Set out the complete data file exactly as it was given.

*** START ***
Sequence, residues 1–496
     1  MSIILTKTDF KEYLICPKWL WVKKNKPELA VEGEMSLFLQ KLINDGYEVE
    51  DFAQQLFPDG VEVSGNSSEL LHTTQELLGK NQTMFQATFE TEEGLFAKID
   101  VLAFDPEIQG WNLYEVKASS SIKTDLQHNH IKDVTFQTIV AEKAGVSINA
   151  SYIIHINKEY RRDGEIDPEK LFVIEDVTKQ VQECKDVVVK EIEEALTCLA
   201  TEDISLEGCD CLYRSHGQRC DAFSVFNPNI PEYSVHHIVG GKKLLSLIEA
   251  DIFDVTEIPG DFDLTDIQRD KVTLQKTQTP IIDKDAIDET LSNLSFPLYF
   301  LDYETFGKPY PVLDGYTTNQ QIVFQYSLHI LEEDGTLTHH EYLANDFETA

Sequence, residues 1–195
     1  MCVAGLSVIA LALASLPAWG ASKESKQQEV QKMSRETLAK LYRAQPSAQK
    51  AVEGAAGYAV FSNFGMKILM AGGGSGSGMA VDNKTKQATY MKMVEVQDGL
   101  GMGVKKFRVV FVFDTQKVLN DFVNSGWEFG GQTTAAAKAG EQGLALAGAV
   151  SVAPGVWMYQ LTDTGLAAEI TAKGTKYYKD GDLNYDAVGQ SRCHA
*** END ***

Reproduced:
Sequence, residues 1–496
     1  MSIILTKTDF KEYLICPKWL WVKKNKPELA VEGEMSLFLQ KLINDGYEVE
    51  DFAQQLFPDG VEVSGNSSEL LHTTQELLGK NQTMFQATFE TEEGLFAKID
   101  VLAFDPEIQG WNLYEVKASS SIKTDLQHNH IKDVTFQTIV AEKAGVSINA
   151  SYIIHINKEY RRDGEIDPEK LFVIEDVTKQ VQECKDVVVK EIEEALTCLA
   201  TEDISLEGCD CLYRSHGQRC DAFSVFNPNI PEYSVHHIVG GKKLLSLIEA
   251  DIFDVTEIPG DFDLTDIQRD KVTLQKTQTP IIDKDAIDET LSNLSFPLYF
   301  LDYETFGKPY PVLDGYTTNQ QIVFQYSLHI LEEDGTLTHH EYLANDFETA

Sequence, residues 1–195
     1  MCVAGLSVIA LALASLPAWG ASKESKQQEV QKMSRETLAK LYRAQPSAQK
    51  AVEGAAGYAV FSNFGMKILM AGGGSGSGMA VDNKTKQATY MKMVEVQDGL
   101  GMGVKKFRVV FVFDTQKVLN DFVNSGWEFG GQTTAAAKAG EQGLALAGAV
   151  SVAPGVWMYQ LTDTGLAAEI TAKGTKYYKD GDLNYDAVGQ SRCHA